Penn State is looking for farmers with pokeweed


HARRISBURG, Pa. — Pennsylvania farmers who have a problem with pokeweed in their fields are invited to participate in a research project aimed at controlling this weed.

Penn State weed specialists are looking to the state’s farmers for fields that could serve as additional research locations for their study into the management of pokeweed. The study is currently being conducted at Penn State’s Research Farm near State College.

Growing problem

Pokeweed is an increasing problem in Pennsylvania fields and can be a tough weed to control due to its perennial life cycle and ability to regrow from a large, persistent taproot, says Penn State Weed Specialist Kelly Patches.

Pokeweed populations seem to be on the rise in recent years in Pennsylvania field crops, says Patches.

“There may be several reasons for this including the increase in reduced- and no-till production practices. The main goal of our research is to learn more about the biology of pokeweed and how it behaves so we can better time control tactics.”

Study participation

Patches and Dr. Bill Curran are investigating more efficient pokeweed management strategies through a research project supported through the soybean checkoff by the Pennsylvania Soybean Board.

Growers who have a problem with pokeweed on their farm and who are willing to work with the researchers in this important study are encouraged to contact Kelly Patches at

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  1. We eat it down this way. Take the early leaves when it is small, boil them briefly and pour off the water. Slice the greens into strips and pan fry with a little bacon grease, onion & seasonings. Delicious. Top with some tasty vinegar to dress it like Turnip Greens & enjoy. Full of minerals. Great in the spring before anything else is ready in the garden.

  2. Warning! These plants can be extremely toxic. As reported, parts from very young early growth except roots are cooked and consumed by some people but please read the following from:
    “Poisonous Plants of Pennsylvania”
    Commonwealth of PA – Department of Agriculture

    POISONOUS PARTS: All parts, but primarily the roots, are considered poisonous. Small quantities (more than 10) of raw berries can result in serious poisoning of adults. Fatalities in young children can result from the consumption of a few raw berries.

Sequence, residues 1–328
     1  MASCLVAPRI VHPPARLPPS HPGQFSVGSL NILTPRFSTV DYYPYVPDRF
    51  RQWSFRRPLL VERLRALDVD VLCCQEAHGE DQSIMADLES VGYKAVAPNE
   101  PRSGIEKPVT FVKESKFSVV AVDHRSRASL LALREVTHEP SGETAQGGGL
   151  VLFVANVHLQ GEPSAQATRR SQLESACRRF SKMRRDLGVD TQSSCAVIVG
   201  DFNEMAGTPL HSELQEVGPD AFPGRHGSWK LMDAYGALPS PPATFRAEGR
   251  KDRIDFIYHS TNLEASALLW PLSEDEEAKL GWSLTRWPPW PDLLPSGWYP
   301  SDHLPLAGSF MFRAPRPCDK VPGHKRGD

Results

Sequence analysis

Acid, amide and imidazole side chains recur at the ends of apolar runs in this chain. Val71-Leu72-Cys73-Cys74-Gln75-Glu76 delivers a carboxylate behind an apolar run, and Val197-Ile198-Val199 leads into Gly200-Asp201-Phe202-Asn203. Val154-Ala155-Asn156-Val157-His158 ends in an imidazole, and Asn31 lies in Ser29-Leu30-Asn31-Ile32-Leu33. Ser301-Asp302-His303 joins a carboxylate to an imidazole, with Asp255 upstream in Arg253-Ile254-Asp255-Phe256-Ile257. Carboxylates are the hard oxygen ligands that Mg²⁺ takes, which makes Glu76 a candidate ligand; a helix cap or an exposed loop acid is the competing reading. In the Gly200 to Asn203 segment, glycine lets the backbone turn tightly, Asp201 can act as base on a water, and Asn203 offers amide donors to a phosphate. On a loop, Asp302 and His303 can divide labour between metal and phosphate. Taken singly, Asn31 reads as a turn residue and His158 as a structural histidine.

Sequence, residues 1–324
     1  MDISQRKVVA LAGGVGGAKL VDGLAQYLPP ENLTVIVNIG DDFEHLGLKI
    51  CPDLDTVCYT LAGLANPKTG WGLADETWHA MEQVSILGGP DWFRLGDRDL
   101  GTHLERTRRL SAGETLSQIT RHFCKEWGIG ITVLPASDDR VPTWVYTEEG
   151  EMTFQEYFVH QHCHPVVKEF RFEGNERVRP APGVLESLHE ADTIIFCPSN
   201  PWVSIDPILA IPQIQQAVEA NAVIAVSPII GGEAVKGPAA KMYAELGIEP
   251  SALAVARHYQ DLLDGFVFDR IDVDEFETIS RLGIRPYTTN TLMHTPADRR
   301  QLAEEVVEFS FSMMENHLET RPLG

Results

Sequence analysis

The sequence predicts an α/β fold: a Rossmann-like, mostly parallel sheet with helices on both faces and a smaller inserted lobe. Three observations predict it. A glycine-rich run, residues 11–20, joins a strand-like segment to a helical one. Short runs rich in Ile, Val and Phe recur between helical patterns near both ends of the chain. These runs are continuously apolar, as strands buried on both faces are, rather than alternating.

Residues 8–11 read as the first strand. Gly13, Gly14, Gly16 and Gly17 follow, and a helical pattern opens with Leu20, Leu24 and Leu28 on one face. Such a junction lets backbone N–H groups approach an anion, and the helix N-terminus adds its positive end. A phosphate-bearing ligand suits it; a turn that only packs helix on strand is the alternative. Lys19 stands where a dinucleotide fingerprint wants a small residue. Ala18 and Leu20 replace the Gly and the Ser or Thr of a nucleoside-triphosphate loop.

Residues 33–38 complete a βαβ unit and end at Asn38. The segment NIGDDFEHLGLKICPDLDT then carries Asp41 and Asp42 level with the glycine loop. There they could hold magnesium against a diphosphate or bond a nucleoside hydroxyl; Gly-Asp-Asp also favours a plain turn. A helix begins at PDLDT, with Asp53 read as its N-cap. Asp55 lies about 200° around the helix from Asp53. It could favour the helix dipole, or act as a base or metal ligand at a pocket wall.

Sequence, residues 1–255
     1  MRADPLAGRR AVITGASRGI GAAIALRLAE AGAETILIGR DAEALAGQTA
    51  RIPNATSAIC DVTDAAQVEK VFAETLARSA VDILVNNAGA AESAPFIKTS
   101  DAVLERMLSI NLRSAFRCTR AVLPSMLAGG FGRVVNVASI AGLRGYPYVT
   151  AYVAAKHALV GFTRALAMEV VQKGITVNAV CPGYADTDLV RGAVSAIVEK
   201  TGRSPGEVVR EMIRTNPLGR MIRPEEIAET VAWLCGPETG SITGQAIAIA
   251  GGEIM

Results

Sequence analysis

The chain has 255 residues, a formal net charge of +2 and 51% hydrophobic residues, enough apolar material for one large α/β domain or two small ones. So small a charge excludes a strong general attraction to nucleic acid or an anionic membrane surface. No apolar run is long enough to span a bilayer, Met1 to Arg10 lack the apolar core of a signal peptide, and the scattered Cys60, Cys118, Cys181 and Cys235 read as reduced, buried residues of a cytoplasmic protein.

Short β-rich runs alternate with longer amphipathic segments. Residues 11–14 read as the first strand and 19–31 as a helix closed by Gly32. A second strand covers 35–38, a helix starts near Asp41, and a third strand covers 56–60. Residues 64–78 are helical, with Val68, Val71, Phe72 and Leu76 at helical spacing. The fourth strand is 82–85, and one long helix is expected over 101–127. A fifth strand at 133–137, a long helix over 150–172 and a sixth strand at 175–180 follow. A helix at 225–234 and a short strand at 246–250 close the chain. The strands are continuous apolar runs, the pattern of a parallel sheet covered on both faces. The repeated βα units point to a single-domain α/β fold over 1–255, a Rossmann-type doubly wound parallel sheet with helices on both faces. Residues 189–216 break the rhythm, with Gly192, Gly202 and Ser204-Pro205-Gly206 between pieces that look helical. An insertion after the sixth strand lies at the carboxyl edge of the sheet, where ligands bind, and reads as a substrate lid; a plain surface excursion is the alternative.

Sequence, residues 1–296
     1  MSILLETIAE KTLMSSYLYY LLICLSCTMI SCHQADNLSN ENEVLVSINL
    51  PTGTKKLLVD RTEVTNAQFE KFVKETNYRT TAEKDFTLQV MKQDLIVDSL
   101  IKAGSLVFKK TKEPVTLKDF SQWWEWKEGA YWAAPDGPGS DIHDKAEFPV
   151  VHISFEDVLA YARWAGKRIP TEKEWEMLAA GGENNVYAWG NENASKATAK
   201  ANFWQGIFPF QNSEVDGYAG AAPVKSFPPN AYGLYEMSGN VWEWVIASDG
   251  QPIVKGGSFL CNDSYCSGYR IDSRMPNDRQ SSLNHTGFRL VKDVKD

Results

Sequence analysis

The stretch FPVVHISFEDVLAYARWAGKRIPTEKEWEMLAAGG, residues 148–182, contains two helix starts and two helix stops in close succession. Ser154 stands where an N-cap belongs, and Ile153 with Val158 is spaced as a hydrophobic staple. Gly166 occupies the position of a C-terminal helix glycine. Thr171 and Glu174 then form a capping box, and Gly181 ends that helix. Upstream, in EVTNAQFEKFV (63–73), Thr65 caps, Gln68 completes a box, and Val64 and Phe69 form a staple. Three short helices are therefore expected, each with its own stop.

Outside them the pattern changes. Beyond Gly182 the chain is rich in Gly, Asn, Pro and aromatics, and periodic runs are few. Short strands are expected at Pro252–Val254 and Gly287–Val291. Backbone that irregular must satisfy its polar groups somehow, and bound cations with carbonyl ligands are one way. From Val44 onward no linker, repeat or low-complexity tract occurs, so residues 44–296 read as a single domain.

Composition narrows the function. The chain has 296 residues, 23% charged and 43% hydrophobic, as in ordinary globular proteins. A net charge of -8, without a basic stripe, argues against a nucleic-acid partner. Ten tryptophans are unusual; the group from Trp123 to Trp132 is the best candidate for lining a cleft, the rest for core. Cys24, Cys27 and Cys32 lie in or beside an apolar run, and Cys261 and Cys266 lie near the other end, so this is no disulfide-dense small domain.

SYMPTOMS: The more common symptoms are gastrointestinal cramps, vomiting, diarrhea, and convulsions in severe cases. Perspiration, prostration, weakened respiration and pulse, salivation, and visual disturbance are possible symptoms. Death may result. Humans experience an immediate burning sensation in the mouth upon consumption. Postmortem: gross lesions: mild to severe gastroenteritis; congestion of internal organs; histological lesions: stomach ulcerations with hemorrhage.

    POISONOUS PRINCIPLES: The physiologically active principles have been identified. Suspected compounds include saponin, together with lesser amounts of the alkaloid phytolaccin.

    CONFUSED TAXA: Few plants are confused with pokeweed. The infructescence may superficially resemble that of chokecherry or wild cherry (see Prunus), but Prunus is an arborescent plant with woody bark, whereas Phytolacca is herbaceous.

    SPECIES OF ANIMALS AFFECTED: Any class could be affected; however, the plant stem, leaves. and berries are unpalatable and therefore are not usually ingested. Pigs may become ill from routing and eating the roots. Humans may be affected if they eat the berries, stems, or roots.

    TREATMENT:(11a)(b); (26); peripheral plasmacytosis with potential immunosuppressive properties.

    OF INTEREST: Cooked, young, tender leaves and stems are eaten by some people as a pot-herb. These young greens are the “poke salad” of Southern fame. They contain low concentrations of phytolacca toxin which is destroyed by proper cooking. Cooked berries are edible and occasionally used in pies, Phytolacca americana contains mitogens, compounds that can be absorbed through skin abrasions, causing blood abnormalities. Sensitive individuals should handle pokeweed with gloves. Root preparations have been used as a folk-medicinal, a practice than can be dangerous.


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